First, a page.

Tax offences, failure to pay TDS up to Rs 25 lakh not be prosecuted by taxman

Shishir Sinha New Delhi | Updated on September 12, 2019

The new guidelines also defines the `exceptional circumstances' for the prosecution.


Income Tax Department has come out with a new set of guidelines for identifying and processing cases for prosecution under direct tax laws. The guidelines make it clear that cases involving tax due to less than ₹ 25 lakhs or delay up to 60 days in depositing tax will not be taken up for prosecution barring exceptional circumstances.

The guidelines cover offences under section 276B, 276 BB, 276C (1) and 276 CC of the Income Tax Act 1961. Section 276B talks about offences related to failure to pay tax to the credit of Central Government. Section 276 BB deals with failure to pay the tax collected at source. Section 276C (1) prescribes action in case of wilful attempt to evade tax while section 276CC deals with failure to furnish returns of income.

Tax Department has mentioned that the circular will come into effect with immediate effect and will apply to all the pending cases where the complaint is yet to be filed. It has prescribed a system of collegium comprising of two senior officers for approval in exceptional situations. These two officials will be of the rank of Chief Commissioner of Income Tax (CCIT) or Director General (DGIT). “For examination of facts and circumstances, and to ensure that only deserving cases below the threshold limit as prescribed get selected for filing of prosecution complaint, such sanctioning authority shall seek the prior approval of a collegium of two CCIT/DGIT rank officers, including the CCIT/DGIT in whose jurisdiction the case lies,” the circular said.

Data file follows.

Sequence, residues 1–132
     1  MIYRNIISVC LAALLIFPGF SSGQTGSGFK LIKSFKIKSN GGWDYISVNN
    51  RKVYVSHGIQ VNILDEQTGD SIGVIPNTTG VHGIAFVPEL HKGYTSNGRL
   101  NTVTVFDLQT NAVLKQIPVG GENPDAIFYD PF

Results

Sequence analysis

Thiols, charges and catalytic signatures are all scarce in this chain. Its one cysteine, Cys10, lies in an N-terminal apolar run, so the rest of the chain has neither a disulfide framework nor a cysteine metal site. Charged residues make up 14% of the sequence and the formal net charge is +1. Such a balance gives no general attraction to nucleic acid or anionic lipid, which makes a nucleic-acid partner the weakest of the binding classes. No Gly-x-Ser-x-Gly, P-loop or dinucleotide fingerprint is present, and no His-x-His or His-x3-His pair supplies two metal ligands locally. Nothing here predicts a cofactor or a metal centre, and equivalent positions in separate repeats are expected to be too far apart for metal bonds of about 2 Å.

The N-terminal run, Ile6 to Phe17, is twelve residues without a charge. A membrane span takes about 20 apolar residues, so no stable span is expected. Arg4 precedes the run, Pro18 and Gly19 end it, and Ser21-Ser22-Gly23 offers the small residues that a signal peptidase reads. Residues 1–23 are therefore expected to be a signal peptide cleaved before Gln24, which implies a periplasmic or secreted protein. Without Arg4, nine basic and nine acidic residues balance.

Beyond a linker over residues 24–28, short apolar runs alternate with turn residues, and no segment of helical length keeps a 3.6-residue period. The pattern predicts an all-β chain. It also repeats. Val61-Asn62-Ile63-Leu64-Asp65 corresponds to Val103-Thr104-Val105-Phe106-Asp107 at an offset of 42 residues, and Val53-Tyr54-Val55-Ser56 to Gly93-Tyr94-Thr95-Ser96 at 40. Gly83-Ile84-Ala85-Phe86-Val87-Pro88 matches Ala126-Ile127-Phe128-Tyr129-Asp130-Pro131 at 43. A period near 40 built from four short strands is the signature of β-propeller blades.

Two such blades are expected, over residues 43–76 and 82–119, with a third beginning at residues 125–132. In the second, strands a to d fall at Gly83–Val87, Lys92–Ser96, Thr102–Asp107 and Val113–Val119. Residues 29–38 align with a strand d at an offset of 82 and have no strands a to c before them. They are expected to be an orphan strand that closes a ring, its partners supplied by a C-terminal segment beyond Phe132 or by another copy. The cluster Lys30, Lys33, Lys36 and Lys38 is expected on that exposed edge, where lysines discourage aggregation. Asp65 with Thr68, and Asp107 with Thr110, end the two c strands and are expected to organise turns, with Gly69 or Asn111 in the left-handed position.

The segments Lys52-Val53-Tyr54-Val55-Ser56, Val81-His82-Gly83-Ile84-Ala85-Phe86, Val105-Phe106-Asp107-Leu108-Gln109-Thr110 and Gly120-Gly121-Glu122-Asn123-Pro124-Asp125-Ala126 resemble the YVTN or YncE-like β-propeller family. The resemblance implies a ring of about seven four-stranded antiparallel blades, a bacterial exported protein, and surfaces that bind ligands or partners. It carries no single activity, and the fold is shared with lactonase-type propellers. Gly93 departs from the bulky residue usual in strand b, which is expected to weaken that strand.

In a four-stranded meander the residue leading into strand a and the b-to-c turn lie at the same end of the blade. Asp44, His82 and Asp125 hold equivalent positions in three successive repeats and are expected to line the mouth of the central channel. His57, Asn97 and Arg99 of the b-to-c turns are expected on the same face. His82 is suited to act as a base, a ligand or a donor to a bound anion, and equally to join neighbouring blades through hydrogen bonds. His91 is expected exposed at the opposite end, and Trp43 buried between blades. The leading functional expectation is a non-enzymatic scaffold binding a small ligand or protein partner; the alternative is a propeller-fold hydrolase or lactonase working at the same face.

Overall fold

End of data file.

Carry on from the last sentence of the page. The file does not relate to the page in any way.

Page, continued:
It also mentioned that if there is disagreement between two officials, then the matter will be referred to the Principal CCIT for appeal whose decision will be final. If the same officer is part of the collegium, then his decision will be final.

Exceptional Cases

When an assessee fails to pay tax to the credit of Central Government and amount involved is less than ₹ 25 lakhs or delay in tax collected is up to 60 days, then in normal circumstance, such cases will not be taken up for prosecution. However, if the assessee is a habitual offender, then such case can be taken up for prosecution with approval of collegium. The same approach to be adopted if there is a failure to pay the tax collected at sources.

Cases, where the amount sought to be evaded or tax on under-reported income is up to ₹ 25 lakh, will not be taken for prosecution except with the previous administrative approval of the collegium. Also, the prosecution will be launched only after the confirmation of the order imposing a penalty by the Income Tax Appellate Tribunal. Cases related with a failure to furnish Income Tax Returns where the amount of tax, which would have been evaded if the failure had not been discovered will not be processed for prosecution except with the previous administrative approval of the collegium.

If prosecution ends in declaring the assessee guilty, then he/she be punishable with rigorous imprisonment for a period of which shall not be less than 3 months but which may extend to 7 years and with fine. Amount of fine could go up to 300 per cent of the tax payable plus tax dues.

Published on September 12, 2019

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